Germany Puts Forward New Climate and Energy Plans that Support Decarbonization

Unlike other countries, Germany has been trying to phase out nuclear power (by 2022) since the Fukushima incident in Japan and is now intending to phase out coal by 2038, at the latest. As reported in previous Climate Scorecard posts, the phasing out of nuclear power led to a sudden increase in coal consumption; but this is now declining as it is being more and more replaced by renewables and gas. 

For the first time in 2019, a majority of electric power came from renewable energy sources, such as wind and solar. The price for renewable energy is now as competitive as fossil fuels (coal and lignite). Germany’s new Climate Protection Law calls for an additional restructuring of the power sector,  prioritizing the expansion of electric vehicle production, the extension of the national transition power grid, and support for the wind sector, which has had major economic losses over the last few years, due to bureaucratic burdens and ongoing policy changes and debates. 

Germany is not only focusing on energy transition but also on maximizing energy efficiency. In 2014, the German government released the German National Action Plan on Energy Efficiency (NAPE) (“Nationaler Aktionsplan Energie Effizienz). The plan addresses consumption by private households, industrial companies and municipalities. The plan has three focus areas. The first is to provide individual consumers and businesses with reliable and clear information and advice on energy efficiency. Secondly, the plan provides funding and research in energy efficient construction to encourage businesses. Thirdly, the plan calls for large companies to undertake energy audits. 

Other small but related measures were taken, for instance, the introduction of an easily comprehensive energy label for appliances, cars and particular heating systems. Finally, the Government launched a platform on energy efficiency where industries from multiple sectors can share findings and lessons learned.

In authorizing NAPE in 2019 the federal government put forward the goal of reducing primary energy consumption by 30% in 2050, which is equivalent to 1200 TWh.  The figure below shows the current trend in primary energy use. (From bottom to top: Coal, lignite, oil, gas, nuclear, other, renewables.) As one can see, large measures need to be put into action, if the government’s target is to be met.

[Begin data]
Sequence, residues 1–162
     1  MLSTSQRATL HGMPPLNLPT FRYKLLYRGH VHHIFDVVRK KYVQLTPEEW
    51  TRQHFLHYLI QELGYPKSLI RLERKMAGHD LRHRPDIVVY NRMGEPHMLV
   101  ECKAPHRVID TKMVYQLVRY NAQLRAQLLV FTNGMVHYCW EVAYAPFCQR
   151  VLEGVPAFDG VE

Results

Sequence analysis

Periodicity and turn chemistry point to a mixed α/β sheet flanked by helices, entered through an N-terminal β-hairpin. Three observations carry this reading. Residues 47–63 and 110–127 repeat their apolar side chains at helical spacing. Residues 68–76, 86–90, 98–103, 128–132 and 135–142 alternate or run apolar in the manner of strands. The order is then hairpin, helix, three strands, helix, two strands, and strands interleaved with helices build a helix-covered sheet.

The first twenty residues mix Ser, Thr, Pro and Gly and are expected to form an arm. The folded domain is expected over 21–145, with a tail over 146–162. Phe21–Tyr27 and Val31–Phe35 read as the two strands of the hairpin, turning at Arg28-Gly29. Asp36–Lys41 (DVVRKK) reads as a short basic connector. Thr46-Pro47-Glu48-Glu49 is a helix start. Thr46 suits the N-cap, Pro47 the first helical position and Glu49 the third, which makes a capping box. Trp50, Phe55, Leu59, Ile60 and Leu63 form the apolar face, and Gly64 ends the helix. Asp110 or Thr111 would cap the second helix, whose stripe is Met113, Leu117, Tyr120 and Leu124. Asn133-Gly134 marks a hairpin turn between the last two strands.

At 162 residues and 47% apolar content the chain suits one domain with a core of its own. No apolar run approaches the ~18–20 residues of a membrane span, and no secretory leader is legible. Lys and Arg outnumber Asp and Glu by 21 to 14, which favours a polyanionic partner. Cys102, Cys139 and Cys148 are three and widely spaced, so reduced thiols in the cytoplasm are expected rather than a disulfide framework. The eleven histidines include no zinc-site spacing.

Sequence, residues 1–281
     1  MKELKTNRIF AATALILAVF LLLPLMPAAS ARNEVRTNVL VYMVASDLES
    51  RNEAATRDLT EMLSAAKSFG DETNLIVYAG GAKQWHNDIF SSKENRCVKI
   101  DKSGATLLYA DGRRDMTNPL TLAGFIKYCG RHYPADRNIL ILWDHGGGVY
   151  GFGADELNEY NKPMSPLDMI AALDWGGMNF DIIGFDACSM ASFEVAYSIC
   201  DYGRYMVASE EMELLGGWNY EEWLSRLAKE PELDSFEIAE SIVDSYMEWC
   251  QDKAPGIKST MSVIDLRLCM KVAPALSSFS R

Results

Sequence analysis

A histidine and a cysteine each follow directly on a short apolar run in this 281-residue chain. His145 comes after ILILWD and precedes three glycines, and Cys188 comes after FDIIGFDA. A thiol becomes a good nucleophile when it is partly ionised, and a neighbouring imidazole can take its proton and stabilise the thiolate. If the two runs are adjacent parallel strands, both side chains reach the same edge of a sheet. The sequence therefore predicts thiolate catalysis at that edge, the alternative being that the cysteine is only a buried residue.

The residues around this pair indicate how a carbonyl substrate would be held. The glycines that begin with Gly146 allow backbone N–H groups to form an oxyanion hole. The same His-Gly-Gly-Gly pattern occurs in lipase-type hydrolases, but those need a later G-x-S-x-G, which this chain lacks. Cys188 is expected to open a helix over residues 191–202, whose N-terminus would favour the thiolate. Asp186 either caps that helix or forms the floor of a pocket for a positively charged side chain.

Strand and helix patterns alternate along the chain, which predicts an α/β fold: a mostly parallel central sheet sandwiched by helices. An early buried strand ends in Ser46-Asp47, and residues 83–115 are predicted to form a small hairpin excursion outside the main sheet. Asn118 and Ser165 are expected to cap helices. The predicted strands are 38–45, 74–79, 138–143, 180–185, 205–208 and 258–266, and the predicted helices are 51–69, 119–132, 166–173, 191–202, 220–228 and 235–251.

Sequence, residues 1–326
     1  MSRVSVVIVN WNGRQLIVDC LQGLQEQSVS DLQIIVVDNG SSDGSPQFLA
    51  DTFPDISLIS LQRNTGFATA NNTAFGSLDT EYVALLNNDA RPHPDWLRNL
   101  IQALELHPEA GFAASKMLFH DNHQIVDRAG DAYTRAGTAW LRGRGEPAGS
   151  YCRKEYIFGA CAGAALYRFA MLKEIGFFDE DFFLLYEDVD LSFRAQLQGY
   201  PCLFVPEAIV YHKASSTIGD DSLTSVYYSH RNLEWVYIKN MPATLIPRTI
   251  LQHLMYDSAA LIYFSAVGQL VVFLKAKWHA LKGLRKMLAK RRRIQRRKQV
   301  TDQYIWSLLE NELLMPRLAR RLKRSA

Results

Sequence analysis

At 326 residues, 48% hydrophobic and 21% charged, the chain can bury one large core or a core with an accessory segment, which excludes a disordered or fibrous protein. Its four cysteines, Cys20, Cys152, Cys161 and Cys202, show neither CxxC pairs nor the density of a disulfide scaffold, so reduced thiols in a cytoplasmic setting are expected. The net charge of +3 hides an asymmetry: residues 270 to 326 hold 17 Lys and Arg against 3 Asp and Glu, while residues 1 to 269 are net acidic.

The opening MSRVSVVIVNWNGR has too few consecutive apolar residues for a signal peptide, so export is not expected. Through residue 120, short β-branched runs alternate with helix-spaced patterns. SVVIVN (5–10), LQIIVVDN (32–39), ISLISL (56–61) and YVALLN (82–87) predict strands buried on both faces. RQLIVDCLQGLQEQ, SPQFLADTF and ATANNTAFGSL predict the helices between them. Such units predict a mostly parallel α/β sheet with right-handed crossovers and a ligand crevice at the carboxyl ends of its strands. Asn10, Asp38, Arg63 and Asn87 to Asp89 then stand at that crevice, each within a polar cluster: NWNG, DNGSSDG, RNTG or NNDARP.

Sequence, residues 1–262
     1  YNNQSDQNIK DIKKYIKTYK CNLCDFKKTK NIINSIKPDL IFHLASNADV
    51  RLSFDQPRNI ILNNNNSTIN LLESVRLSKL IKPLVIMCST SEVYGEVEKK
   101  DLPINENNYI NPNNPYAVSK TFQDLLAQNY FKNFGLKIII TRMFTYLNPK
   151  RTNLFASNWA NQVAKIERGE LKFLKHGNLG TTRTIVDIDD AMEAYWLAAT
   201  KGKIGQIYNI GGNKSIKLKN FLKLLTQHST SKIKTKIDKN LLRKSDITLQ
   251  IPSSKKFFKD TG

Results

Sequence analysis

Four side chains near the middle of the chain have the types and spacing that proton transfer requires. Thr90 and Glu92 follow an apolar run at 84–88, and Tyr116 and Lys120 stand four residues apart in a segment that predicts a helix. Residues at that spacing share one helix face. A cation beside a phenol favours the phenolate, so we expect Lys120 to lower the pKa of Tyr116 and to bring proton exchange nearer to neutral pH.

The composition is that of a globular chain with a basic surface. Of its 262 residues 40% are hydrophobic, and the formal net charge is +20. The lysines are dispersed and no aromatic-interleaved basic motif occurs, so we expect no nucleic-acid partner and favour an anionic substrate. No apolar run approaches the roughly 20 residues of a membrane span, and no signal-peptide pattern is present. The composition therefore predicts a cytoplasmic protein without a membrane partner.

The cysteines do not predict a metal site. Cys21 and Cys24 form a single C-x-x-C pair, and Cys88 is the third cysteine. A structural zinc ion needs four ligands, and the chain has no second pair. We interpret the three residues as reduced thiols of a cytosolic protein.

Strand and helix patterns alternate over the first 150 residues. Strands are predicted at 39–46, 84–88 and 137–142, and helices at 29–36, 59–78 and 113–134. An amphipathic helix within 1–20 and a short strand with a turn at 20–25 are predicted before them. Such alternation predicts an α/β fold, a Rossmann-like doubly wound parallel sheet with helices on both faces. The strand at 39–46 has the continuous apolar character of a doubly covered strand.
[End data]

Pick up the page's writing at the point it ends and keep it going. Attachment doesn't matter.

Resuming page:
Rating:  ***Right Direction

The German government has heard the wake-up call from the global protests to act. The agreed climate protection law and the updated energy efficiency strategy are signals to industry and our civil society that the government is stepping up its efforts. However, the question remains how the practical implementation of new government policies will work as they require new investments and restructuring of businesses and behavior change by individuals.


Take Action:  

The Ministry of Economy and Energy is encouraged to take whatever steps are needed to implement the new Climate Protection Law and the National Action Plan on Energy Efficiency.  In order to be successful, it needs to improve communication with citizens and the general public regarding the steps it is taking to implement these policies and how people can participate in the process.

Contact Information:  

Tanja Alemany Sanchez de León (Manager, Communication and Public Relations Department)

Bundesministerium für Wirtschaft und Energie
Referat Soziale Medien, Öffentlichkeitsarbeit
Scharnhorststr. 34-37
10115 Berlin
Postanschrift: 11019 Berlin

Phone: +49 30 18 615 6130
Email: tanja.alemany@bmwi.bund.de 

Katharina Grave (Press speaker, Energy- and industry Politics)

Bundesministerium für Wirtschaft und Energie
Referat Soziale Medien, Öffentlichkeitsarbeit
Scharnhorststr. 34-37
10115 Berlin
Postanschrift: 11019 Berlin

Phone: +49 30 18 615 6133
Email: katharina.grave@bmwi.bund.de


Resources

Website on National Action Plan on Energy Efficiency: 

https://www.bmwi.de/Redaktion/EN/Dossier/energy-efficiency.html

Website on current energy news

https://www.bmwi.de/Redaktion/DE/Dossier/energieeffizienz.html

New Strategy on Energy Efficiency 2050

https://www.bmwi.de/Redaktion/DE/Publikationen/Energie/energieeffiezienzstrategie-2050.pdf?__blob=publicationFile&v=12


This post was submitted by Climate Scorecard Germany Country Manager Berit Mohr

Leave a Reply

Your email address will not be published.

x
x

Climate change is real, and what governments do matters.

Help us work with key stakeholders globally to ensure continued support of the The Paris Agreement.